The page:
Every business wants happy, healthy, hardworking employees. Because of this, many businesses have implemented workplace wellness programs to encourage healthy living, but what if the best workplace wellness program actually sends everyone home?

Not for vacation (although vacation is a staple of a healthy lifestyle), but for telecommuting, either part-time or full-time. Of course, not all jobs are fit for telecommuting — if you’re a retail operation, of course, the cashiers need to be at the store. For those companies that can allow it, however, there can be some great benefits for the business, as well as for the employee’s health.

Reduced Stress Levels

One of the biggest causes of workplace stress takes place outside of work. That’s right: It’s the commute. According to WNYC, the average American commutes 25 minutes each way, but a lot of people commute a lot longer. Giving your employees back an entire hour of their day goes a long way toward increasing workplace wellness — and don’t forget the benefits for the environment and to other commuters, who now have less traffic on the roads to deal with.

What about waiting for the dishwasher repairman to show up in those four-hour windows that the repair company gives? It takes five minutes for your employee to open the door, show the repairman to the kitchen and write a check at the end: That’s no more time wasted than walking down to the office kitchen to get a cup of coffee. By allowing your employee to work from home, you’ve just made your employee happier, and you haven’t lost any work.

The same holds true for illness. When employees are sick, they need to rest. But what about employees who have a sprained ankle or who are healthy except for a lingering cough? When these employees work from home, they can keep up with their tasks without spreading illness or straining their body. You’re also sending employees a message that you care about their wellness.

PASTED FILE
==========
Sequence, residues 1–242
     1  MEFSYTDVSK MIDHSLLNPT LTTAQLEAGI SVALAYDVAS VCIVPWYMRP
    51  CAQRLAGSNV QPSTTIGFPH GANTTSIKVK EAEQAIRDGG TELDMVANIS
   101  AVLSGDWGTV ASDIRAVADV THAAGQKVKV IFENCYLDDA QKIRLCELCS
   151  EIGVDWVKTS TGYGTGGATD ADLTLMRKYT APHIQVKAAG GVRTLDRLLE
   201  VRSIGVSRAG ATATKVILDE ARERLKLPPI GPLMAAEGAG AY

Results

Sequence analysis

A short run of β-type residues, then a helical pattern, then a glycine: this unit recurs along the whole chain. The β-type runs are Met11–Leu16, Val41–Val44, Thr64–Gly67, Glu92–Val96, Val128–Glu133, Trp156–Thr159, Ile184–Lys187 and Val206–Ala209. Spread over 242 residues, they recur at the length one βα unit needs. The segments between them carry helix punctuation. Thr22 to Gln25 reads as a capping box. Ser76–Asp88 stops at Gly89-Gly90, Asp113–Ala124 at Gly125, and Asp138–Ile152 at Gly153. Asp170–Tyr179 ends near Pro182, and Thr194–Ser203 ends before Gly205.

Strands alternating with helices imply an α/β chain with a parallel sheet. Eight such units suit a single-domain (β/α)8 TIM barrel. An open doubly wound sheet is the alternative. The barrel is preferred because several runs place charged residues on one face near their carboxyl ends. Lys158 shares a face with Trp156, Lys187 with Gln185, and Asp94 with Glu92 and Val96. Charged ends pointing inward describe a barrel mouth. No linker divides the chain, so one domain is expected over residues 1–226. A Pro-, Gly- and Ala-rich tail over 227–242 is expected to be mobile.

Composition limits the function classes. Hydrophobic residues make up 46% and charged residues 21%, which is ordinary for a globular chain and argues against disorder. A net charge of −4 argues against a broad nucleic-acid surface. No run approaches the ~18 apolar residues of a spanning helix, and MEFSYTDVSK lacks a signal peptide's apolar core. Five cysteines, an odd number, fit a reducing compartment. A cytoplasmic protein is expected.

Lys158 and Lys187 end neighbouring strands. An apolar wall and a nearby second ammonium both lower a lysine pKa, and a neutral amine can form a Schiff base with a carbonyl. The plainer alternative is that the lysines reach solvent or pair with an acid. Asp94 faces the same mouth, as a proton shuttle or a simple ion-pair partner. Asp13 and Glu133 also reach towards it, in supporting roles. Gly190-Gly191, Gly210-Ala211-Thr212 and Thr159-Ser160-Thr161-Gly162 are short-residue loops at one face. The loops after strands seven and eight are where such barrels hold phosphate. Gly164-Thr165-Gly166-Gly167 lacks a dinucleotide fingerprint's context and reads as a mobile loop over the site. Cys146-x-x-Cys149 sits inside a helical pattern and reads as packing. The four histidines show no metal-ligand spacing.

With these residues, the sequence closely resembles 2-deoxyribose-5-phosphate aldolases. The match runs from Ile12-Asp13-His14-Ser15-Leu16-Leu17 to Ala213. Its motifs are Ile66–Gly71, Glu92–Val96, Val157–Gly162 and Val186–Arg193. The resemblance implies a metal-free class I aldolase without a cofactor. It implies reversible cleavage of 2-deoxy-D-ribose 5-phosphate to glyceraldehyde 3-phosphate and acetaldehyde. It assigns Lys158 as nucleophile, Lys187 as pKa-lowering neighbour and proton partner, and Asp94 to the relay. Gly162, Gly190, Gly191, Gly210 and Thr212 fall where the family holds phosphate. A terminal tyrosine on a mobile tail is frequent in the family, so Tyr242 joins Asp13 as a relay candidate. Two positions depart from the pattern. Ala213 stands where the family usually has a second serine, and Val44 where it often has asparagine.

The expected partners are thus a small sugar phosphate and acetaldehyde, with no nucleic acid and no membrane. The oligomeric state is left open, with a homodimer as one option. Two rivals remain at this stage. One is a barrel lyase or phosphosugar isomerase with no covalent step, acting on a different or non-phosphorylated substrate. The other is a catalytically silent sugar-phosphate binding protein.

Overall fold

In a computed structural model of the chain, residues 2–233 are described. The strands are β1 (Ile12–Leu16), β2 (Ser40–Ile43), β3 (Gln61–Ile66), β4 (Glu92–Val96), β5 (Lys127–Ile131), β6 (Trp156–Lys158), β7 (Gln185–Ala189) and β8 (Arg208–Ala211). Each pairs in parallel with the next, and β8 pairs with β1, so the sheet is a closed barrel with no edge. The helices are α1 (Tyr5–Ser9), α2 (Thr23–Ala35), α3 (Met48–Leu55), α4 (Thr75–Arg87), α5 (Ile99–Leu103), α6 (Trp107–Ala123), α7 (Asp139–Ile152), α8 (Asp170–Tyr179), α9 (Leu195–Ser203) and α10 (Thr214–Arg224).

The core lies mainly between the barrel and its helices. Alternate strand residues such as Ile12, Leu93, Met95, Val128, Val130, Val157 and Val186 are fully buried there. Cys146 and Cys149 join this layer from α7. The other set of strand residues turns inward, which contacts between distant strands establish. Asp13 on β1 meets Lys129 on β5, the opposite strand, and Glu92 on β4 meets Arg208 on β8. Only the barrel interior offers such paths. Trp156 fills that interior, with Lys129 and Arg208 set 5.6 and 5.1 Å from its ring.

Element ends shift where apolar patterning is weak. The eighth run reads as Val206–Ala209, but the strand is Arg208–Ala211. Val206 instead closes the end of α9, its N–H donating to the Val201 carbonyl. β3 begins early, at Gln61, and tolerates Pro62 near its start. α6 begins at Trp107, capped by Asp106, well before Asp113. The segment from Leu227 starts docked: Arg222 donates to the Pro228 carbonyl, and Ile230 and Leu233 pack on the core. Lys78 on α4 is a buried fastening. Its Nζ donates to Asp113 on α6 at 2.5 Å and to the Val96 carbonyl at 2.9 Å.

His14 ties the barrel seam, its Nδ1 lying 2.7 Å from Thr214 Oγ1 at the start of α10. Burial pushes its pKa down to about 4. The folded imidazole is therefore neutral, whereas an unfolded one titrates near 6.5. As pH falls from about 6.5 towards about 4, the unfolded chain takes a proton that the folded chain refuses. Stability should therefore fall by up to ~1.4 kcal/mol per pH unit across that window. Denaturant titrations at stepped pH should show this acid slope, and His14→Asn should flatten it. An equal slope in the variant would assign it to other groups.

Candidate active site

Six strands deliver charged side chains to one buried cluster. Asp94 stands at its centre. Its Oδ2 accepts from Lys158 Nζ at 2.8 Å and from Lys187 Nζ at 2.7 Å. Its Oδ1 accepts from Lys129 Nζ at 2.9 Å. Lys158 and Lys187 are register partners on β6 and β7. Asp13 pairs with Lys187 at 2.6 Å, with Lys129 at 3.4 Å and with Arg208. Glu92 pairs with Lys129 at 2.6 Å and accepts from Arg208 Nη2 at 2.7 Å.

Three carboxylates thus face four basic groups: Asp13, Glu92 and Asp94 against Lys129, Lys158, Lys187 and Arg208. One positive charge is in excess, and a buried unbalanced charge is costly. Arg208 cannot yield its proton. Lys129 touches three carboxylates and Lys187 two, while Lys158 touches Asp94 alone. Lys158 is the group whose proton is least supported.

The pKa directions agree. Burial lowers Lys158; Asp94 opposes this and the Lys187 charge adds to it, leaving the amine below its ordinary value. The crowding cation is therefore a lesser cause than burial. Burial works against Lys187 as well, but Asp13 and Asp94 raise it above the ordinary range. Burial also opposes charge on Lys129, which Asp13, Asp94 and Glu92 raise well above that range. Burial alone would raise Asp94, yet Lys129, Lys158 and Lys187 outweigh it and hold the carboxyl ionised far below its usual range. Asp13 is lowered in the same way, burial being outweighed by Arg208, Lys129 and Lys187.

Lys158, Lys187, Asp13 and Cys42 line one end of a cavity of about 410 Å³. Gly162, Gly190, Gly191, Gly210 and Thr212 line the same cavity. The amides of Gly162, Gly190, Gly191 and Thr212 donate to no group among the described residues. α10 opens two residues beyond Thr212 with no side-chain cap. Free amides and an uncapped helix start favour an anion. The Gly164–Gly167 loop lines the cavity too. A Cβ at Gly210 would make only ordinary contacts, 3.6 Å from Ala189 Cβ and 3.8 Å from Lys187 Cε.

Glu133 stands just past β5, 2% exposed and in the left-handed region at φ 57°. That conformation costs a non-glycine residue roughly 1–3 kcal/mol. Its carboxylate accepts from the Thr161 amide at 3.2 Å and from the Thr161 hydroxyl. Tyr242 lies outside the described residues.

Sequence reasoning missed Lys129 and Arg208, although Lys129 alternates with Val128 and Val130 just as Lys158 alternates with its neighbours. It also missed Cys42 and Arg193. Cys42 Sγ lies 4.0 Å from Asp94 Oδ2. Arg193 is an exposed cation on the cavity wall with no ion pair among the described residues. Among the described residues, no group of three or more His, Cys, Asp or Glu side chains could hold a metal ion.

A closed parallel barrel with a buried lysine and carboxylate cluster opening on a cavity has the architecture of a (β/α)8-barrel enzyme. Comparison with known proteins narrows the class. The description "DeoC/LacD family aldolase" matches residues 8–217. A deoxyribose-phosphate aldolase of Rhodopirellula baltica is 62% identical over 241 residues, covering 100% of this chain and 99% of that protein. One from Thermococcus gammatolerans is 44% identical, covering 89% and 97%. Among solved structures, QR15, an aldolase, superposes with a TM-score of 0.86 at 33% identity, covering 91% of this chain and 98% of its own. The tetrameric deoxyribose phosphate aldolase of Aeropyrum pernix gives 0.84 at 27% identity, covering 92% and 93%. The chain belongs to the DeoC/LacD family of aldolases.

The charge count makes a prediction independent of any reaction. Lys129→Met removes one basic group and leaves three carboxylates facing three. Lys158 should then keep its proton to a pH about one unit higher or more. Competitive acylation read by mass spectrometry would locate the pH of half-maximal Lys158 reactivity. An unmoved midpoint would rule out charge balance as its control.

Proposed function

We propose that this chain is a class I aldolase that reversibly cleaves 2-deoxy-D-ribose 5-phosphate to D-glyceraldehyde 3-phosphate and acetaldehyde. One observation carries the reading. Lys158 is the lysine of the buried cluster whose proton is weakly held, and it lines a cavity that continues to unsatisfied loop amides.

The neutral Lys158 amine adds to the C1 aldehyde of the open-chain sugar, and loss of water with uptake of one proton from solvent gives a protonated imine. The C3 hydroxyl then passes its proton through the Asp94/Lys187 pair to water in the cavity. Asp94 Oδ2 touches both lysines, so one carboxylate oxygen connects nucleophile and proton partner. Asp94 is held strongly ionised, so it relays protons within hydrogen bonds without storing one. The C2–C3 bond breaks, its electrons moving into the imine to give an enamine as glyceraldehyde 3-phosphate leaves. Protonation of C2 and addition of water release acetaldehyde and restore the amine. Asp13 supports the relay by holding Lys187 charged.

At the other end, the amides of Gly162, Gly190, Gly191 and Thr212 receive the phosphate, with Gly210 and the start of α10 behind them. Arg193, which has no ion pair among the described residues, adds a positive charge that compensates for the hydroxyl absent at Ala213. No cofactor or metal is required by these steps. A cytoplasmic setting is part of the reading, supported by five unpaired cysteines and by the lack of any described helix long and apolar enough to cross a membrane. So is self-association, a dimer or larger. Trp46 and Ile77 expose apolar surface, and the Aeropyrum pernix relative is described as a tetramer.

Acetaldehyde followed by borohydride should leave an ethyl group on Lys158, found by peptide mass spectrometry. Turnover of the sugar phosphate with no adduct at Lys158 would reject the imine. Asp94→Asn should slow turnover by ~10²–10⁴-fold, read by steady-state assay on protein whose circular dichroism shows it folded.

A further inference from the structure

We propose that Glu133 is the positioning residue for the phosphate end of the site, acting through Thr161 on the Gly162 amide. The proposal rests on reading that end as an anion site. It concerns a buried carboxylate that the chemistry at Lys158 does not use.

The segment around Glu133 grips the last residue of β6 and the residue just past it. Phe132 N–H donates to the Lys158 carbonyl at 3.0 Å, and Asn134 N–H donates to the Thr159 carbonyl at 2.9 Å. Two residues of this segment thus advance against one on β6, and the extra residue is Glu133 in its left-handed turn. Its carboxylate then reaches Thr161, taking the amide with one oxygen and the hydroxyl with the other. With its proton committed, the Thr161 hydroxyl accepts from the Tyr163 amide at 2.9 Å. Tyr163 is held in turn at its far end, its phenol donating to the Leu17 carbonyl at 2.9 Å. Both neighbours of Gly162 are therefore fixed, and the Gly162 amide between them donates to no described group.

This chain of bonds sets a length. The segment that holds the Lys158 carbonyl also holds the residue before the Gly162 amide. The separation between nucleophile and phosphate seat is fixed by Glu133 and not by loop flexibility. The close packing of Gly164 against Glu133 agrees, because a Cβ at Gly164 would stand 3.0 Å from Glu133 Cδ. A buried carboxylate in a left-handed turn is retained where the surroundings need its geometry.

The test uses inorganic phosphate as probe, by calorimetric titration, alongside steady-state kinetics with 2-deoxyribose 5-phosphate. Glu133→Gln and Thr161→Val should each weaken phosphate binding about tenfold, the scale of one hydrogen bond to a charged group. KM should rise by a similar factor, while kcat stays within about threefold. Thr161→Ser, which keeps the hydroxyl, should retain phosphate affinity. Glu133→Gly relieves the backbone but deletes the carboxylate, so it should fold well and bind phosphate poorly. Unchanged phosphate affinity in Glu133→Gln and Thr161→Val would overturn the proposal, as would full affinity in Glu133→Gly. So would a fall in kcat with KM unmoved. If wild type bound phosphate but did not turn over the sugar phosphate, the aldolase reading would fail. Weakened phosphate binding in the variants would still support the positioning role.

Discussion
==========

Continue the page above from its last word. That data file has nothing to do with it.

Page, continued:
Lots of employees want to work from home, at least sometimes. According to Harvard Business Review, many workers, particularly millennials, want to work from home, and by 2016, an estimated 43 percent of the workforce will do so.

Implementing Your Wellness Programs at Home and in the Office

Of course, cutting commuting time is just one method that can increase workplace wellness; there are numerous other ways to encourage healthy lifestyles in and out of the office. It can be more difficult to run successful wellness programs when employees aren’t in the office to encourage one another. However, there are ways to engage remote workers in a wellness program. For instance, you can implement a “walk around the world” contest using wearable activity trackers or pedometers. You can also take on a wellness program through organizations such as Global Corporate Challenge (GCC). GCC puts your employees into teams and has them count their daily steps, which are converted into miles to see which team can first make it across the city, state or even around the world.

You don’t always have to set up a program or contest to improve wellness. You can do something simple such as sending out daily email reminders. Encourage healthy eating by making it easy for your employees to sign up with a locally grown food cooperative. Some will even deliver directly to your employees’ homes or offices. Make sure that you don’t limit your efforts to the employees in the office. Go ahead and have a lunchtime yoga class, but also offer discounts to area gyms so that your telecommuting employees can enjoy a lunchtime workout, as well.

It’s Not for Everyone

Some people work better in an office environment. Some managers worry when they can’t see their employees physically at a desk. Team building can also be difficult without regular interaction. All of these factors need to be taken into consideration. People who aren’t self-starters or who think that working from home means that they don’t need child care are not good candidates for telecommuting, regardless of the wellness benefits.

Often the best telecommuting plans have people in the office two or three days a week and working from home the other two or three days. That way, you can still have the benefits of working from home and the benefits of being with your team.

Suzanne Lucas spent 10 years in corporate human resources, where she interviewed and hired employees, managed the numbers and double-checked with the lawyers. Her writings have appeared in Inc. Magazine, CBS MoneyWatch, US News, Readers Digest and other publications. She focuses on helping businesses nurture great employees and helping employees enjoy great careers.